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EU Parliament Rejects Effort To Beef Up Software Patents

In rejecting legislation on computer and software patents Wednesday, the European Parliament closes the door on patent reform -- and, opponents say, on the threat of a stifling software patent "gold rush" among large, wealthy corporations.
In rejecting legislation on computer and software patents Wednesday, the European Parliament closed the door on patent reform. Most campaigners who lobbied for or against the legislation said they would accept the outcome and some hailed resolution of the four-year debate.

"The dust will have to settle," said Florian Mueller, who spearheaded an effort to outlaw patents for software. "It's too early to say what will happen now. It's possible nothing will happen on the legislative level for years."

Parliament had been scheduled to vote on some 60 amendments on patents when European political party leaders got together Tuesday night and agreed to abandon the proposal. If approved, the complicated proposal, including amendments, would have had to navigate a daunting maze of additional political and legislative hurdles.

The debate attracted companies big and small, as well as different countries, politicians, and individuals. The status quo--much of it based on EU patent legislation created in 1973, just as software was being unbundled from hardware--is likely to continue. Some close to the debate saw the Legislature's non-action as a lost opportunity, however.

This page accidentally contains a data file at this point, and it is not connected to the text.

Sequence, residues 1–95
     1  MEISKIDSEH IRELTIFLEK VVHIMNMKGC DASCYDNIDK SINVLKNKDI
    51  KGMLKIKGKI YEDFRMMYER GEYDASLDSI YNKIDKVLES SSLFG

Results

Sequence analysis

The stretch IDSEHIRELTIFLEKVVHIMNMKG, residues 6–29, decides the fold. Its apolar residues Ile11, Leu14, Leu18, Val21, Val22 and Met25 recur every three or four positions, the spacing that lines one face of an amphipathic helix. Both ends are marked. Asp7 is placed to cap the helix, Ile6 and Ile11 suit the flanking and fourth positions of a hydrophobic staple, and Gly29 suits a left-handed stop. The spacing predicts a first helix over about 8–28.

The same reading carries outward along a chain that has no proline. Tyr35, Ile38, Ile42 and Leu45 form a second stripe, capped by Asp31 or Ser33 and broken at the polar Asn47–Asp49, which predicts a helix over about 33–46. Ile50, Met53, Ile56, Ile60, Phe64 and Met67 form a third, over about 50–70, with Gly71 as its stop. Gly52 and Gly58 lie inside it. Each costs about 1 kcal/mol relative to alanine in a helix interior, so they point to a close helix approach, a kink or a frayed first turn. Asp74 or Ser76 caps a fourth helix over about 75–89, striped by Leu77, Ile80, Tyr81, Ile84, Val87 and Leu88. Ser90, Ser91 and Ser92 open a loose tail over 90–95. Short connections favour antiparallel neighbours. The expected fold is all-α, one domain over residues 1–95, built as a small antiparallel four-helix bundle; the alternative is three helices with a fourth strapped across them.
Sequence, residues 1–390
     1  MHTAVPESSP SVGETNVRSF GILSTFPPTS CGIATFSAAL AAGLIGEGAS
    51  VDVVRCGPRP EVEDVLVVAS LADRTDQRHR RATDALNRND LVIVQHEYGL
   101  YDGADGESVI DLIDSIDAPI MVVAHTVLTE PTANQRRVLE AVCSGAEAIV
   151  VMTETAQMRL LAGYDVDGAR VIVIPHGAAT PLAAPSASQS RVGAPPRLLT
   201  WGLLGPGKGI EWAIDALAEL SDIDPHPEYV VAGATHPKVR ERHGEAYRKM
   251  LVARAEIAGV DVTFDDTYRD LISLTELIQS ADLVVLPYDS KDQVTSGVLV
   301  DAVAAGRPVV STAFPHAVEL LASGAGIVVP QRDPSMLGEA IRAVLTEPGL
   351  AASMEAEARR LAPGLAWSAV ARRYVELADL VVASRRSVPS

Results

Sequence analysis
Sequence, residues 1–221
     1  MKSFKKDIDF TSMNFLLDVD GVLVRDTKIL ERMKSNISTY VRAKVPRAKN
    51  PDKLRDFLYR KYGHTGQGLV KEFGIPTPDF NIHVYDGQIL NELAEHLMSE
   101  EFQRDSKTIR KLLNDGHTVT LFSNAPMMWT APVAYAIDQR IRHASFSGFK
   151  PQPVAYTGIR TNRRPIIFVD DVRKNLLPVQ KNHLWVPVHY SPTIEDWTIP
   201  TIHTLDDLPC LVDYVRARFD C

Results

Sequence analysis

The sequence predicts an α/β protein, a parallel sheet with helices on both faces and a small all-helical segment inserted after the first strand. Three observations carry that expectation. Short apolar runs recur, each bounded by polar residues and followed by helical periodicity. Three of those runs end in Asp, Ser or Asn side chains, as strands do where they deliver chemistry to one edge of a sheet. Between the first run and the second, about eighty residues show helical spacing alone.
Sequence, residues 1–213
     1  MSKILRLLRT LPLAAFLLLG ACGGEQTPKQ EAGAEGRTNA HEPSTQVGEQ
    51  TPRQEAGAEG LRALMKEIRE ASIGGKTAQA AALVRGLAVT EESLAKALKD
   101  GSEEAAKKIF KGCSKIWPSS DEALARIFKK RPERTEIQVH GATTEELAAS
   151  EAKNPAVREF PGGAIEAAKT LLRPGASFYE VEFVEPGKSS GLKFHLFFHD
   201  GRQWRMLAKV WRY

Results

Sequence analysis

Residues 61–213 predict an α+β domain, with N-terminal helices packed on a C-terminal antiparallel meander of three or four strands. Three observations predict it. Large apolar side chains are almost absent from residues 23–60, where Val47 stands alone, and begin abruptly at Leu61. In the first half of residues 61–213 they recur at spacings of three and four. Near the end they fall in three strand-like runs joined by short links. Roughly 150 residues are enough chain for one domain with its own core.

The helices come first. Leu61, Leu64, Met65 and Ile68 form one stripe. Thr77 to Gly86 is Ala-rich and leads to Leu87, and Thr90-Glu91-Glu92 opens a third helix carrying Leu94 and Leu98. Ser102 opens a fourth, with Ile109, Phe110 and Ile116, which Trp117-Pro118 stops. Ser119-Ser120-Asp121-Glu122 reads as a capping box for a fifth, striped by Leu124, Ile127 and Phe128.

"Today's decision also represents a lost opportunity for Europe to establish a common ground for high-tech innovation that would help foster further successes and development," said Simon Gentry of a group called the Campaign for Creativity.

Mueller, who founded lobbying organization Nosoftwarepatents.com, said the non-decision by Parliament is likely to mean there will be scant litigation over software patents, because there is no extensive legislation governing software. He said: "It's a strange situation in Europe now, because the legal status [of software patents] is uncertain," said Mueller.

Generally, large companies with extensive patent portfolios, such as Microsoft, SAP, and Nokia, wanted Parliament to grant increased patent protection, while many small and medium-size companies argued that a relaxed patent policy would encourage them to innovate.

The proposed legislation, the Computer Implemented Inventions Directive, was formulated in 2001, but it underwent several revisions.

While organizations representing a gamut of software interests, from big corporations to small companies to individual open-source developers, generally said Parliament's vote was acceptable, there were those who predicted gloom and doom. "To fail to legislate at all would leave the industry to the mercy of the European Patent Office, the courts, and panels of the World Trade Organization," said U.K. Member of Parliament Andrew Duff, who was quoted by the BBC. "That could be a costly, legalistic, and confusing situation."

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